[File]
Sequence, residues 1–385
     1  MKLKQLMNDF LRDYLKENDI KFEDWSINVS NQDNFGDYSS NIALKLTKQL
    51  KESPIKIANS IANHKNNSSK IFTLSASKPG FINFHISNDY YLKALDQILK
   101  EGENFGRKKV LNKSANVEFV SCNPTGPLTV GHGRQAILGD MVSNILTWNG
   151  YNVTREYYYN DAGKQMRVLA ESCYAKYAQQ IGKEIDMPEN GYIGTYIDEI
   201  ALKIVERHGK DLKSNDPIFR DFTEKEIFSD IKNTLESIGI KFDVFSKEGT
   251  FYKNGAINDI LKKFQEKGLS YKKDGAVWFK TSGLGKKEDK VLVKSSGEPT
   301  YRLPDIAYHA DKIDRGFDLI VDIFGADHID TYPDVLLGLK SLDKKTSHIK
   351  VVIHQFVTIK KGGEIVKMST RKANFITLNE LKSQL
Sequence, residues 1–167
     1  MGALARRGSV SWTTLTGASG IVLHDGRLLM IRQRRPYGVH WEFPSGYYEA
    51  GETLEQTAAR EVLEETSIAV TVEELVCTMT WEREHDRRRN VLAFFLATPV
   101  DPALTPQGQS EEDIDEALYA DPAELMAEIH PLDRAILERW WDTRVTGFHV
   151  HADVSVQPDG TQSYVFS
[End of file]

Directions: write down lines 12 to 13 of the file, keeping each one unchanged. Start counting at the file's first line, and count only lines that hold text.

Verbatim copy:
    51  GETLEQTAAR EVLEETSIAV TVEELVCTMT WEREHDRRRN VLAFFLATPV
   101  DPALTPQGQS EEDIDEALYA DPAELMAEIH PLDRAILERW WDTRVTGFHV